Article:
of a departure. It is better to do as they did in Chile
and place emphasis on industries that took advantage
of the natural resources they had, such as fishing. On
top of that there was plenty of help from government
in the way of supporting the markets to make it
easier for people to obtain financing and licenses for
fishing operations.

The role that governments play in supporting
entrepreneurialism is significant. However, it is
important to get input from local industry groups
before deciding on new directions, otherwise you run
the risk of making decisions that might not have a
true appreciation for the bigger picture and will chap
the arses of local industry, the unions and your so
called allies. This could put you in a world of hurt, just
ask KRudd.

Building a good entrepreneurship ecosystem often
creates success and that stimulates others to
copy or come up with their own great ideas. This is
why it is also critical to celebrate success and fan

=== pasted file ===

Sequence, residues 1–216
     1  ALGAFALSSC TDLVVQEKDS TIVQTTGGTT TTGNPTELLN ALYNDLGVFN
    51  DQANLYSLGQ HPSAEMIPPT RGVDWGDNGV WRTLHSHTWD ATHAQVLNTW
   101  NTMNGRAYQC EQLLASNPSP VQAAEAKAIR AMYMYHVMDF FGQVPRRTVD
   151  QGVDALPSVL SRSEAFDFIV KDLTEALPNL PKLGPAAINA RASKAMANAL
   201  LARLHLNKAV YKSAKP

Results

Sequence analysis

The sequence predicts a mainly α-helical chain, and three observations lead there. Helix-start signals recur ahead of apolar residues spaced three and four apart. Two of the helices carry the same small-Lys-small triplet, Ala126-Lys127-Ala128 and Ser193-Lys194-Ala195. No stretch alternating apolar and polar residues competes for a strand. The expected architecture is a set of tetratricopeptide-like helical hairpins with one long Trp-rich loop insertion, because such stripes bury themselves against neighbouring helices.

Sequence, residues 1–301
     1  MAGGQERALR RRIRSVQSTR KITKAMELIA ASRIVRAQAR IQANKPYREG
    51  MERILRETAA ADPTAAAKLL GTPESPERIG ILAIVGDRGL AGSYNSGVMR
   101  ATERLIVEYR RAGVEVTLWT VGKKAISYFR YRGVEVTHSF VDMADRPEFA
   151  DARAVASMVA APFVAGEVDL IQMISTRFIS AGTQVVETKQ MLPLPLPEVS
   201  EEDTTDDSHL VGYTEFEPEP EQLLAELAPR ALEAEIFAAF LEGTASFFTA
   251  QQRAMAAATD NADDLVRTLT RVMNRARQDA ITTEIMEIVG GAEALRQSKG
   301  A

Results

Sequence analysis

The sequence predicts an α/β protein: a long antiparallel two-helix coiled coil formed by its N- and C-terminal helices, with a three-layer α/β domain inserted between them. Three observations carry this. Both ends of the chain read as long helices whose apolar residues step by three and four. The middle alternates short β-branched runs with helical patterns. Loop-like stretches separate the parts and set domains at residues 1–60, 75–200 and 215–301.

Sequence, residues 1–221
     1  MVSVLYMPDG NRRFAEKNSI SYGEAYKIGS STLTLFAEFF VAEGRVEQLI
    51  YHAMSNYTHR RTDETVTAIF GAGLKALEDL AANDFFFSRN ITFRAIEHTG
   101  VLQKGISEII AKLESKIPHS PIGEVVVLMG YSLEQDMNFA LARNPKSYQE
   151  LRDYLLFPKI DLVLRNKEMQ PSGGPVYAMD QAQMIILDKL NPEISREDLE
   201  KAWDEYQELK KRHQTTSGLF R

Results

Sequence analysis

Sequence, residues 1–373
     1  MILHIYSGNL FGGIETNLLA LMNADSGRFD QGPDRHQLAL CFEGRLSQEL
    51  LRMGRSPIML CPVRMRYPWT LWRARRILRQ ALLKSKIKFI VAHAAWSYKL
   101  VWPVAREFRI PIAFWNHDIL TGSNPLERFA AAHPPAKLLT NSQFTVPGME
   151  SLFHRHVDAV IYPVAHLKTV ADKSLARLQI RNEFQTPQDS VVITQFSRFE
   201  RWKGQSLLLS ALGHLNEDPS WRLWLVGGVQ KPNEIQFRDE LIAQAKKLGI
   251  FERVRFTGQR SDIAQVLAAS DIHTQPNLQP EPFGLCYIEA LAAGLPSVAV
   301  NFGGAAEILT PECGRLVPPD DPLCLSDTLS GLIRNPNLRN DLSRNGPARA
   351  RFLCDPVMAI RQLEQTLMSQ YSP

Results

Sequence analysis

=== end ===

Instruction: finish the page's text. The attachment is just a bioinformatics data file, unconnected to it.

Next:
the flames of inspiration in the region. It becomes
addictive and soon there is fertile ground for new
ideas and thinking people inspiring one another, ala
Silicon or Medicon Valley

A rather large obstacle for entrepreneurship is
cultural. In some places striking out on your own is
not considered to be the right thing to do. I listened
to a podcast about a guy in the Middle East who
wouldn’t tell anyone he had left his job, especially his
parents, because it was frowned upon to start your
own business and it made prospects for marriage
poor. I am reminded of telling my parents that I was
going to study architecture and my fathers response
unfortunately was not ‘You go girl’, it was why don’t
you study sewing.

Whenever the topic of start ups emerges, the
concept of incubators and venture capital to provide
financial help and mentoring to new businesses is not
far behind. Apparently there is little evidence that this